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Smile

Quote:
Originally Posted by beddhist
Michelin Anakee 90/90-21 & 130/80-17 on Suzi DR650SE, road use only, mixed use, some with luggage, some commuting.

Rear about 15500 km. bald on 1/3 of circumference, about 2mm left on the remainder, not sure why, didn't lock up the wheel that much. One puncture.

Front 17000km, 1-2mm left. One puncture (small wood splinter).

Both replaced with Mitas E07, 110 Euro for both.
Have now done the loop GB-Scandinavia-Baltics to Germany, plus some other trips, mostly loaded heavily. I'm very happy with the Mitas, good grip on the road, wet or dry. Haven't really done any mudplugging, only dry gravel. My skills are probably more limiting than the tyres there...

Rear has been replaced after 22000km, front is still fitted after 20000km, will probably last another 2-5000.

Tried fitting them to my R100GS, but couldn't get a tubeless version, despite Mitas web site listing one. Go figure...
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  #54  
Old 30 Jun 2006
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Bike - CCM 600, Tyres - Pirelli MT21

Quick 2000 mile trip to Alps and back including riding 10 or so of the mountain passes in the Grenoble area. Tyres just about new when I left. Front still ok (about half worn) but rear totally shot. Upside - great wet grip for a knobbly - I did just about 600 wet miles in one day with no "moments".
Interestingly the front knobbles have worn evenly whereas all my Michelin Desert front knobbles have worn into a kind of wedge shape.

Some of the other MT21 reports quote much higher milages but I'm not hard on tyres and I'm not sure how I could extend what I got by much.
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  #55  
Old 16 Jul 2006
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Trailmax

The Dunlop Trailmax tyres on my KLE500 lasted 1,500 miles! Felt appalling when they got hot something akin to getting a flat (which I did). I spent about half an hour off-road on them and they seemed OK, but couldn't really test them as they obviously didn't last long enough. Would not recommend them, except for weekend off-road enthusiasts. 1/10

Currently trying Avon Distanzias which certainly look up to the job. Haven't taken them on a long run yet, so nothing to report yet.

Update: Just put 2,500 miles on my Avon Distanzias and they look fine. Felt pretty good too and handled alpine mountain passes and German hail storms with great ease. They are a little vibby though, but that can be ignored. 7/10
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Last edited by muthaf9cka; 14 Sep 2006 at 10:52.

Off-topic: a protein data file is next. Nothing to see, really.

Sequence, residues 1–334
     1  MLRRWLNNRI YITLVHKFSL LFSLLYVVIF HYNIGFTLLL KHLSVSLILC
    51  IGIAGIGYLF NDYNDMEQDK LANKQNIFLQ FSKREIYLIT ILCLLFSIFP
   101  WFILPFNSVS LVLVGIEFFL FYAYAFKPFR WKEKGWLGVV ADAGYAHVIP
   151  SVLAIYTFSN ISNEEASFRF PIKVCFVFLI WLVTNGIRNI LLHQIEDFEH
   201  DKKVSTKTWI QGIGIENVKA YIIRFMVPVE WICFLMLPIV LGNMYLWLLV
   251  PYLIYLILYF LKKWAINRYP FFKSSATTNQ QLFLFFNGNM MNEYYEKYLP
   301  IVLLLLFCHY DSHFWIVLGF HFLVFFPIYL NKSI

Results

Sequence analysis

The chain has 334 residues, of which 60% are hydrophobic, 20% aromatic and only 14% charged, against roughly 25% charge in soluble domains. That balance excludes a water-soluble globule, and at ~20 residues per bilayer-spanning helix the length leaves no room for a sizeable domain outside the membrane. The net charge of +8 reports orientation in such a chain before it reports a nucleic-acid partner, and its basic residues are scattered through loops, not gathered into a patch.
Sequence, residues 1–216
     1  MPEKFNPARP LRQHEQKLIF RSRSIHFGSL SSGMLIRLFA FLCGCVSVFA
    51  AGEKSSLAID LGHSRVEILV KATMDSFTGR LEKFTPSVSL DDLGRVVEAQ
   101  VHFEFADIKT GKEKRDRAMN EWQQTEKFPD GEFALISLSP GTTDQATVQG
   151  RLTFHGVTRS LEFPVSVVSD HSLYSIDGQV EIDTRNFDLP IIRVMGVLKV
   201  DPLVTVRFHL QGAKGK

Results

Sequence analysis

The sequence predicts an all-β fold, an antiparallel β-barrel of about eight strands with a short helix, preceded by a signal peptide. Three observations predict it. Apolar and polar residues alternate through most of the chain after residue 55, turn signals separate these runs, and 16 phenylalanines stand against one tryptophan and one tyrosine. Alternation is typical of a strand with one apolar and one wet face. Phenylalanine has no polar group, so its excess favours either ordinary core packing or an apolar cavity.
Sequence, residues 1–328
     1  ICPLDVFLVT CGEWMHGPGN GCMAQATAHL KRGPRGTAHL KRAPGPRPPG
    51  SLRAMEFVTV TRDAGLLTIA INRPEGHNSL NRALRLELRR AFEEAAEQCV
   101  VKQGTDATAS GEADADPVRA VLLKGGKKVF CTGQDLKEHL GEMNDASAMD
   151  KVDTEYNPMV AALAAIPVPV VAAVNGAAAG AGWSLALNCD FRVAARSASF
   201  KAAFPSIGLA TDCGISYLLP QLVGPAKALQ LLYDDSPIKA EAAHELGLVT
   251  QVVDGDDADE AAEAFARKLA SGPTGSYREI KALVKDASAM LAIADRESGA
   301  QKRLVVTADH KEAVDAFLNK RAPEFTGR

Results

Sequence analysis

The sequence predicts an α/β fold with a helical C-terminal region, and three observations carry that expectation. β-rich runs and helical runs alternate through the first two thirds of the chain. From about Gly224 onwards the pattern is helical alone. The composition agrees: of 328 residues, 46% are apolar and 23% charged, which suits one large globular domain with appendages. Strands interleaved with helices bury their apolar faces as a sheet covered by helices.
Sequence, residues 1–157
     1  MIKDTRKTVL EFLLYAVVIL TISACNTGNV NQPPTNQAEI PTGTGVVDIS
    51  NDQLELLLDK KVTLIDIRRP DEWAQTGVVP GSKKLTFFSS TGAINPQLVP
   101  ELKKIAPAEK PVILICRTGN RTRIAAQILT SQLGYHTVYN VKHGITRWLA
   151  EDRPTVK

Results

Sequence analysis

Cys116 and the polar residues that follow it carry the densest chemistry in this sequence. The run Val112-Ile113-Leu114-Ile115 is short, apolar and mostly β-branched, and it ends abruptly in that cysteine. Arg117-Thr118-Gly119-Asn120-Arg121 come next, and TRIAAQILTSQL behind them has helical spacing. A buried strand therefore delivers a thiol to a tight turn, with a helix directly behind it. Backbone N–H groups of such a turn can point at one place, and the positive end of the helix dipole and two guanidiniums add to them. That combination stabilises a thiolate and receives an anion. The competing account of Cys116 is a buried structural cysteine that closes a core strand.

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  #56  
Old 11 Sep 2006
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I've used MT21/22 on my XR4 for the last year (~4000kms and still plenty on them even after a baja and trailriding to work 2 days a week for 8 months. The rear is cracking a bit now around some blocks but the front looks fine. Didn't like the front on soft sand and loose rocks out in Qatar so would go back to a......

Mich AC10 for the front, very hard wearing but crap grip on wet tarmac or polished roads.

On the rear I'd go back to a desert (I was to tight with my cash last time!) for any serious dirt/off road distance in the sun.

Ultimately it comes down to what you want to do with it?? and trying to balance all the compromises, grip, wear, cost, strength...
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  #57  
Old 17 Sep 2006
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Pirelli MT 90 A/T 90/90 21 front, 24000 km so far Newfoundland to Panama via Alaska. Rear 140/80 18, 13000 km so far, both still have plenty of life, have stood up to Canada, Mexico and Costa Ricas worst! Bikes are 2x yamaha tt600re´s pretty loaded.
Tyres are the best all round I´ve tried, excellent in the wet, not bad off road and seem pretty strong.
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  #58  
Old 8 Oct 2006
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Kings is king

Wonder which Kings skip refers to.
I used Kings Claw Action KT 966 for the last few years on all my 650 KLR and DR as well as a trial & evaluation on a F650 Dakar.
They are cheap (in South Africa) and give reasonable mileage. Dry tamac is very good for a knobbly, wet tarmac as shitty as we all know it (although never dangerous like Kendas). They work like a charm on hard gravel and are still fine in soft gravel and sandy stuff unless it gets bottomless (but then you need another bike, not another tire)
Mileage on average 7000 - 8000 km rear, 12000 - 15000 km front. (Bike hire)
Although not directional by order they have an assymetrical pattern and you better fit them the right way round: